Hypoparathyroidism and Exercise

Hypoparathyroidism and Exercise
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Exercise is an important part of a healthy lifestyle and can offer many benefits. If you have hypoparathyroidism, however, you should be careful because  exercise can affect levels of calcium in your body. Read on for more information about the benefits of exercise, how hypoparathyroidism may affect your ability to exercise, and precautions you should consider.

How hypoparathyroidism affects muscles

Calcium is an important molecule in your body for a number of different functions including muscle contraction. Since the parathyroid hormone (PTH), which plays a role in regulating blood calcium levels, is low in patients with hypoparathyroidism, the disease may affect your muscle function, including the heart muscle. This can lead to symptoms such as fatigue, tingling in your fingers and toes, and cramps. It also can cause irregular heartbeats.

Benefits of exercise

Exercise is important for all people to stay fit and strong. It can help maintain or improve your physical and mental fitness, as well as help reduce feelings of anxiety and depression. It can aid with sleeping and increase your energy levels, as long as you don’t overdo it.

Are there precautions I should take?

Every person is different in terms of their fitness level and the severity of their disease. That’s why it is important to start slow and gradually increase the intensity of your exercise routine over time.

It might help to adjust your diet to increase the levels of calcium in your blood. Eating a calcium-rich snack about an hour before you start exercising and after your exercise routine may help. You also can talk to your doctor about potentially increasing your dietary supplementation of calcium and activated vitamin D.

Putting together a routine

You can work with your team of healthcare professionals to establish a plan based on your abilities and current health and fitness levels. Your physician can help monitor your plan. He or she may request more frequent blood tests to monitor what effect exercise is having on your body.

Choosing the type of exercise

Research has shown that PTH levels tend to increase following either high-intensity exercise over a long period (greater than 50 minutes) or low-intensity exercise over a very long period (around five hours). The data suggested that short-duration exercise at high levels of exertion, or low-intensity exercise over a moderate time period (50 minutes), did not appear to affect PTH levels.

This research was conducted in people not affected by hypoparathyroidism, however, and there is no direct evidence suggesting that those levels of intensity and duration may be appropriate for patients with hypoparathyroidism. Always consult with your clinical care team before deciding on an exercise plan.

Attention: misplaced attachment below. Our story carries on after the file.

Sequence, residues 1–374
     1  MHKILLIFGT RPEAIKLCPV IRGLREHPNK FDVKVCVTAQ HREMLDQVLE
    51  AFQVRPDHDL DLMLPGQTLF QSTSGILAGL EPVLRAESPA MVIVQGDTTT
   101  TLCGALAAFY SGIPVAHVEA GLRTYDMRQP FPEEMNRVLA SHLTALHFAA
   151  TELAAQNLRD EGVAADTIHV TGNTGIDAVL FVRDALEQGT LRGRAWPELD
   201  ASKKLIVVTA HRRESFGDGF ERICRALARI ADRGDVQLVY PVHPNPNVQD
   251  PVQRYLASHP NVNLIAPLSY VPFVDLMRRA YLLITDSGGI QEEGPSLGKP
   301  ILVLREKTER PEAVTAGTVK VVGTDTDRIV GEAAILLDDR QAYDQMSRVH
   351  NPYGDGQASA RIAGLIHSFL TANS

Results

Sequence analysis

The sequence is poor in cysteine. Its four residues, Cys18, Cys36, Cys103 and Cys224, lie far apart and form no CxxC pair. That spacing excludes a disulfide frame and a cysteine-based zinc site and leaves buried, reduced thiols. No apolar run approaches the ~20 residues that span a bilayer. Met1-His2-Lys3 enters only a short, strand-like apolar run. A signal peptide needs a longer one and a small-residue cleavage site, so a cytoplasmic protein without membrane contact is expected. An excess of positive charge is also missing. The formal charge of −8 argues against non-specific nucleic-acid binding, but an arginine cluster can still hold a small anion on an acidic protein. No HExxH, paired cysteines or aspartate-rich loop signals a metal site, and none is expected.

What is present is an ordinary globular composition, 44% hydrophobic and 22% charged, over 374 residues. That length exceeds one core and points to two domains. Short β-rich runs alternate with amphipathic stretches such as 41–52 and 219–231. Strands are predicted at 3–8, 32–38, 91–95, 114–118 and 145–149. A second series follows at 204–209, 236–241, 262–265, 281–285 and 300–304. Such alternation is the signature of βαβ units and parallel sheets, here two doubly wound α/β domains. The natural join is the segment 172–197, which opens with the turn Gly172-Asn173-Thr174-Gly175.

Last updated: Jan. 8, 2021

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Hypoparathyroidism News is strictly a news and information website about the disease. It does not provide medical advice, diagnosis, or treatment. This content is not intended to be a substitute for professional medical advice, diagnosis, or treatment. Always seek the advice of your physician or other qualified health provider with any questions you may have regarding a medical condition. Never disregard professional medical advice or delay in seeking it because of something you have read on this website.

Brian holds a Ph.D. in Biomedical Engineering from Case Western Reserve University and a Bachelors of Science in Biomedical Engineering from Georgia Institute of Technology. He has co-authored numerous scientific articles based on his previous research in the field of brain-computer interfaces and functional electrical stimulation. He is also passionate about making scientific advances easily accessible to the public.
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Özge has a MSc. in Molecular Genetics from the University of Leicester and a PhD in Developmental Biology from Queen Mary University of London. She worked as a Post-doctoral Research Associate at the University of Leicester for six years in the field of Behavioural Neurology before moving into science communication. She worked as the Research Communication Officer at a London based charity for almost two years.
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Brian holds a Ph.D. in Biomedical Engineering from Case Western Reserve University and a Bachelors of Science in Biomedical Engineering from Georgia Institute of Technology. He has co-authored numerous scientific articles based on his previous research in the field of brain-computer interfaces and functional electrical stimulation. He is also passionate about making scientific advances easily accessible to the public.
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